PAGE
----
The concern I have this day is the factual timeline shared above:  the supposed “evolution.”  The entire transpiration of how the administration is approaching gay marriage looks like, feels like, smells like, quacks like…

Politics…  the motivation for this policy feels like it is completely political.  There is no cultural conversation — led by the federal government — as to what is wise and what is foolish.  What is good.  What is moral.  What is the long term impact.  What evolution of the policy will be good.  What evolution of the policy will be destructive.  How the Constitution supports government’s involvement.  The primary motivator is what makes for good politics.  Egad.

 

Now don’t let me act as if politics serving as the primary motivation is indigenous to Pres. Obama.  The Intramuralist believes this happens all over the place, across all party lines, transcending all issues, and most of the time, we’re all oblivious.  Issues and advocacy is passed off as prudent policy, when the reality is that the motivation for the policy is purely political.

 

Truth?  I can’t tell how Obama feels about gay marriage.  Does he really support it now — or does he feel he needs it to please and thus shore up his so-called “base”?  Did he really oppose it before — or did he feel as if he couldn’t be honest because it might negatively impact the Hispanic, African-American, and Catholic vote?

 

Change the issue.  Change the politician.  Are they being honest with us?  Or is their support or dissension based most upon what they believe to be good politics?

 

I said it before; I’ll say it once more…

 

Egad.

 

Respectfully,

AR

the equity error

With eager politicians sensing an enticeable electorate, an ageless maternal mantra is being systematically extinguished.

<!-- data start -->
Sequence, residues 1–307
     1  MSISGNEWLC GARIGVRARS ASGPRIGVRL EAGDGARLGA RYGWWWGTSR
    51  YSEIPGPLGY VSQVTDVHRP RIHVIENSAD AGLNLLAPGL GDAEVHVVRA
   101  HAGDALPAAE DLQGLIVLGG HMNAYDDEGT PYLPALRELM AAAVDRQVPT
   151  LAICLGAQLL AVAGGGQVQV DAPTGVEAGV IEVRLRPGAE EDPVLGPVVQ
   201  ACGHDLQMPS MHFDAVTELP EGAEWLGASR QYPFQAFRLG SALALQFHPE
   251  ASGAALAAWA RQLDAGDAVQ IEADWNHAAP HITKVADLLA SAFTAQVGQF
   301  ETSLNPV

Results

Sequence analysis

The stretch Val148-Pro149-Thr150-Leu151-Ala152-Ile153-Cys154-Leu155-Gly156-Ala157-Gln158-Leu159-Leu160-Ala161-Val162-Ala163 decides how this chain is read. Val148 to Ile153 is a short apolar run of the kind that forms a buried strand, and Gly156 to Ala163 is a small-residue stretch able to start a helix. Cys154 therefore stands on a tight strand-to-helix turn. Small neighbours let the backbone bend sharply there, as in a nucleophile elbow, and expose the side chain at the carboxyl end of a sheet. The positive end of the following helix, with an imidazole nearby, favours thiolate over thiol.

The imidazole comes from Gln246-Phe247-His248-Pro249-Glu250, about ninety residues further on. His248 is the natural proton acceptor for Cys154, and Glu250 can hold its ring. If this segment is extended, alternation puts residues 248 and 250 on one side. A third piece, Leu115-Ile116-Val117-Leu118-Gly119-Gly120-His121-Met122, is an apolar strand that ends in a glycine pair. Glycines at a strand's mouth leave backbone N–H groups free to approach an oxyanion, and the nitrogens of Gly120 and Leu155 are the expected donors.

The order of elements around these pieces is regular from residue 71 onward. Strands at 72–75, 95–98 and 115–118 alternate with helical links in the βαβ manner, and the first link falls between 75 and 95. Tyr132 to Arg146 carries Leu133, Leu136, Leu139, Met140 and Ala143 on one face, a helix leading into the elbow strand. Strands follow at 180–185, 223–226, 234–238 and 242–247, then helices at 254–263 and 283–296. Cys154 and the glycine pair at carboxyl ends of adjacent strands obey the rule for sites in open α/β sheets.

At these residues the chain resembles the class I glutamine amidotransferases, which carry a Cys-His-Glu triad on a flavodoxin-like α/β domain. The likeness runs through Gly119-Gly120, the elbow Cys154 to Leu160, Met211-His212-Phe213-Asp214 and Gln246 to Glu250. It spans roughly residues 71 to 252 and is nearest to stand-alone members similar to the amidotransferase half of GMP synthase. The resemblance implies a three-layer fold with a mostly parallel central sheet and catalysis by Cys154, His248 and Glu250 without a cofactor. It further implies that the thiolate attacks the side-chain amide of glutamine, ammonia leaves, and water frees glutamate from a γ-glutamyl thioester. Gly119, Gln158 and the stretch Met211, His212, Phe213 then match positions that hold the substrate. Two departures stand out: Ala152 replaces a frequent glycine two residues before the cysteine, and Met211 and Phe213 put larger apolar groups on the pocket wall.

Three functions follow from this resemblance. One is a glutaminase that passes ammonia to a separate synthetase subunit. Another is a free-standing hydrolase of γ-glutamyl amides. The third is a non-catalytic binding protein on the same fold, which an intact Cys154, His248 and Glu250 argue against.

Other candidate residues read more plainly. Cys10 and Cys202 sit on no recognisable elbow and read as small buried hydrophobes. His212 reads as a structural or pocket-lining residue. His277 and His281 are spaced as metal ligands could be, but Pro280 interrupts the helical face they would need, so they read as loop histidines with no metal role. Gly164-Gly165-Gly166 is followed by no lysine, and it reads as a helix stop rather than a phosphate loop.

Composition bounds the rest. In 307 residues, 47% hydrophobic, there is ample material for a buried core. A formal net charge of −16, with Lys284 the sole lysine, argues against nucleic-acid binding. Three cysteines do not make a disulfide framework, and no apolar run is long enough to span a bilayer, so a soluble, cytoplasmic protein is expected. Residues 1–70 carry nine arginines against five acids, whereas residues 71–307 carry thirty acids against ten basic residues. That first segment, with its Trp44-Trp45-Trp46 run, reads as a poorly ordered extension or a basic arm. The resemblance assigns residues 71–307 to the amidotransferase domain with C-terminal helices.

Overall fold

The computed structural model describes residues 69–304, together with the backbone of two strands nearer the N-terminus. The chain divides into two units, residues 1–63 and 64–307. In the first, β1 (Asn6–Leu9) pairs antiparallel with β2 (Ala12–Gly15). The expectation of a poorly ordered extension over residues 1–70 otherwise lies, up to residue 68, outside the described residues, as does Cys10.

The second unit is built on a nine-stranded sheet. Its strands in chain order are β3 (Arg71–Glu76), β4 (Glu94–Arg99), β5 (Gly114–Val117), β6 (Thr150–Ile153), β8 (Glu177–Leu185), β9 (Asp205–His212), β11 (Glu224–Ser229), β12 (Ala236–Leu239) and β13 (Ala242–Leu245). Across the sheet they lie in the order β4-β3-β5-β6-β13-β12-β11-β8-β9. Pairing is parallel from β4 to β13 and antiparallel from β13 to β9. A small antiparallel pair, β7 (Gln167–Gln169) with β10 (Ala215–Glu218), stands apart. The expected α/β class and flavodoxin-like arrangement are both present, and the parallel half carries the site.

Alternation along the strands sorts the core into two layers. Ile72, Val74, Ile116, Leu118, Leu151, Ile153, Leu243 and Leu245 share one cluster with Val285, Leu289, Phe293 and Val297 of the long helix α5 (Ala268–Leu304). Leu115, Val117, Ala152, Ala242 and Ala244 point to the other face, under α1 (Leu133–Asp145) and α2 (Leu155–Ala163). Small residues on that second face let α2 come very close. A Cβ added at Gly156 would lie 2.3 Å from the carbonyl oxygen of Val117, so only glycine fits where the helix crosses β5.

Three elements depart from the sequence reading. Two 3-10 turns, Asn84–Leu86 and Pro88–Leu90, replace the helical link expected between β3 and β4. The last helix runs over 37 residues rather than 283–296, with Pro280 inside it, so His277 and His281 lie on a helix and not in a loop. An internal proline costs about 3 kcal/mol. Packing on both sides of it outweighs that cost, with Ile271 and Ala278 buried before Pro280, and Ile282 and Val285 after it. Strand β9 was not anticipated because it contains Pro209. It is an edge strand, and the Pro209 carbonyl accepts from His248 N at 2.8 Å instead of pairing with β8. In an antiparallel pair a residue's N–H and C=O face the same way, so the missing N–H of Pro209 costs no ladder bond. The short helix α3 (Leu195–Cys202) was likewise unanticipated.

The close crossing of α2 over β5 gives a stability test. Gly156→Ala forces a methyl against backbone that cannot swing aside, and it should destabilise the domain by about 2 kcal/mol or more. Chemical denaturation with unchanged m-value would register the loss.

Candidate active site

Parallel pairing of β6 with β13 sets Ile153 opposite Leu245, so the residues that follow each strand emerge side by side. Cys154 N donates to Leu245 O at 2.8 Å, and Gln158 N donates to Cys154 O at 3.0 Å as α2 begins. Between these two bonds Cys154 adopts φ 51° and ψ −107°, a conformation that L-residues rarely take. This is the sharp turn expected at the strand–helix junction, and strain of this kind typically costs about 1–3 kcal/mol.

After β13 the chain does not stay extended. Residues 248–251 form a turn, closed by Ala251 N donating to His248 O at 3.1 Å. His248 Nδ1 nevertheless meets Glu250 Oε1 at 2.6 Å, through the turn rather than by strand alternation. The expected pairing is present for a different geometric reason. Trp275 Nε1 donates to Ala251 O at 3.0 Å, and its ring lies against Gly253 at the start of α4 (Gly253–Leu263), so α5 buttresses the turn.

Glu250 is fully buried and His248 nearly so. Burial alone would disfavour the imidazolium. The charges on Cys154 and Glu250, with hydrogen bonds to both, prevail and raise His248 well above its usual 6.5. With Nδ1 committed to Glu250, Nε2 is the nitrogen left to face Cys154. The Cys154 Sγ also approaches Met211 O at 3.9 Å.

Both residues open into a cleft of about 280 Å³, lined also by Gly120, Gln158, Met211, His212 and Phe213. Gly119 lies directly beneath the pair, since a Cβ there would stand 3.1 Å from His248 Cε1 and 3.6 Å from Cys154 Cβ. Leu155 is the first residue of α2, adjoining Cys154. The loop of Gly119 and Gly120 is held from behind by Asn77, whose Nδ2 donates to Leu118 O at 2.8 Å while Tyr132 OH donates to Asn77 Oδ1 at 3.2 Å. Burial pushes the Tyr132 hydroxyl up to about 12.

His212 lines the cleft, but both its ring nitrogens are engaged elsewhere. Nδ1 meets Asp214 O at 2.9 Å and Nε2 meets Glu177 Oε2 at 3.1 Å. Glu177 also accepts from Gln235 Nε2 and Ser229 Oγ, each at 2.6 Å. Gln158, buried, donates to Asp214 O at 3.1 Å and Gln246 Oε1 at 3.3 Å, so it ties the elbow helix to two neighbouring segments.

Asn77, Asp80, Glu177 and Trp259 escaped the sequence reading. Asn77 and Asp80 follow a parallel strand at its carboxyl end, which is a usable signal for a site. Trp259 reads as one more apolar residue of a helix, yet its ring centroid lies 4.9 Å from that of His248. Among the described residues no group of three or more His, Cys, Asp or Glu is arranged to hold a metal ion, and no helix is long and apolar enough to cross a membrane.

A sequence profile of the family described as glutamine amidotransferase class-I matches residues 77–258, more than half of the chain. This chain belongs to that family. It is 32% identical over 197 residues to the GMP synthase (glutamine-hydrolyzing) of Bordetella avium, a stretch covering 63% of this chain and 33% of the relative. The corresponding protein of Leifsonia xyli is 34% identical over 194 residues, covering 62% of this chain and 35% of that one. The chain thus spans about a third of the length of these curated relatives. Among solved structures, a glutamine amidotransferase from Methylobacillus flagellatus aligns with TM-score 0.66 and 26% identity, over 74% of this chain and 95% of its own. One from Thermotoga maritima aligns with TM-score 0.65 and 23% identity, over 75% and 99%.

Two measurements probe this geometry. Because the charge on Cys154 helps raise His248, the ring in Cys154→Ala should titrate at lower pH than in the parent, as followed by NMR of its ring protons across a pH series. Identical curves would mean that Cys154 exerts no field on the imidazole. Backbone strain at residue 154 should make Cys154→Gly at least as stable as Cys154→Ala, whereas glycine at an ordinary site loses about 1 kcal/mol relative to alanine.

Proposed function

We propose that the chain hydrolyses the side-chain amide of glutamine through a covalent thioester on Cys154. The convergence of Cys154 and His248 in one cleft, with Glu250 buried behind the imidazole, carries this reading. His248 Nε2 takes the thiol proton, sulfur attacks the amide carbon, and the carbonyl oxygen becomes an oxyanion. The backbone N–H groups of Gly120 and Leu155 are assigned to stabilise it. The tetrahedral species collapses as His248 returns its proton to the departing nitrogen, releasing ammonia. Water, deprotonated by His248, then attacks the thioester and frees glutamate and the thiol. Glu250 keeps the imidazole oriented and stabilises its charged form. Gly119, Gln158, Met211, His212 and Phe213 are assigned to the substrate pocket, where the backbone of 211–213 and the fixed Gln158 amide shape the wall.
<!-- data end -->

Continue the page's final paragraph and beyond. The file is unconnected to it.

“Life isn’t fair” is the frequent refrain.  The challenge is that we each take turns dismantling the mantra.  We say it isn’t fair, yet we act as if it should be.  Therein lies the equity error.  It’s rampant; it’s all over — amidst all demographics.  Call it the fallacy of fairness…

 

During the 2008 presidential primary season, when attempting to discern the plausibility of a Barack Obama presidency, I was struck by Obama’s foreshadowing response to ABC moderator, Charlie Gibson.  When Gibson asked why Obama desired to raise the capital gains tax when the lower tax rates advocated by both Bill Clinton and George Bush netted measurable, increased government revenue, Obama replied, “Well, Charlie, what I’ve said is that I would look at raising the capital gains tax for purposes of fairness.”  At the time, I remember thinking that perhaps since Obama’s background is in law, his economic understanding was momentarily lesser.

 

Since that time, however, we have witnessed “fairness” manifest itself in proposed policy.  Regardless of effectiveness — let me say that again — regardless of effectiveness — policy and advocacy are being promoted on the perception of fairness.  That’s why this portrayed stab of equity is in error.

 

We discussed this briefly in regard to the Occupy Movement.  The movement has a fairly firm — although initially incongruous — list of demands.  Yet the bottom line of these clearly, disillusioned capitalists is that they believe happiness is their right; they have confused possessing happiness with pursuing it.  Hence, in order to be happy — which they see possible through free housing, education, income, and medical care — they believe it’s appropriate to take from someone else.  They believe it’s fair.

 

In France on Sunday, the French elected a new president, Francois Hollande.  Hollande is a socialist.  In fact, he intends to increase spending, borrowing, and taxes, even though the European nation is already deeply in debt. For those making in excess of $1.35 million annually, Hollande proposes taxing them at 75% (you read that correctly), as    seizing the income of the wealthy is only fair.  Socialism is another manifestation of the equity error; the government then serves as the discerner of fairness.

 

Since when do we have a right to that which belongs to someone else?

 

Income?  Opportunity?  Even inheritance?  Should that which is someone else’s good fortune be shared with me?

 

Follow me briefly for a relevant side note…

 

My oldest son plays high school baseball.  He does very well.  3 weeks ago I ran into into a fellow baseball parent in the check-out lane at the nearest grocery; our sons play on the same team.  The parent enthusiastically shared with me that her son had been elevated to the next highest team at the high school.  What was my reaction?  Elation!  Congratulations that their son was asked to play on a better team!

 

The reality is that in that moment, I had 2 possible ways of reacting:  (1) looking at the situation from the perspective of how it affects their son; or (2) looking at it from the perspective of how it affects me.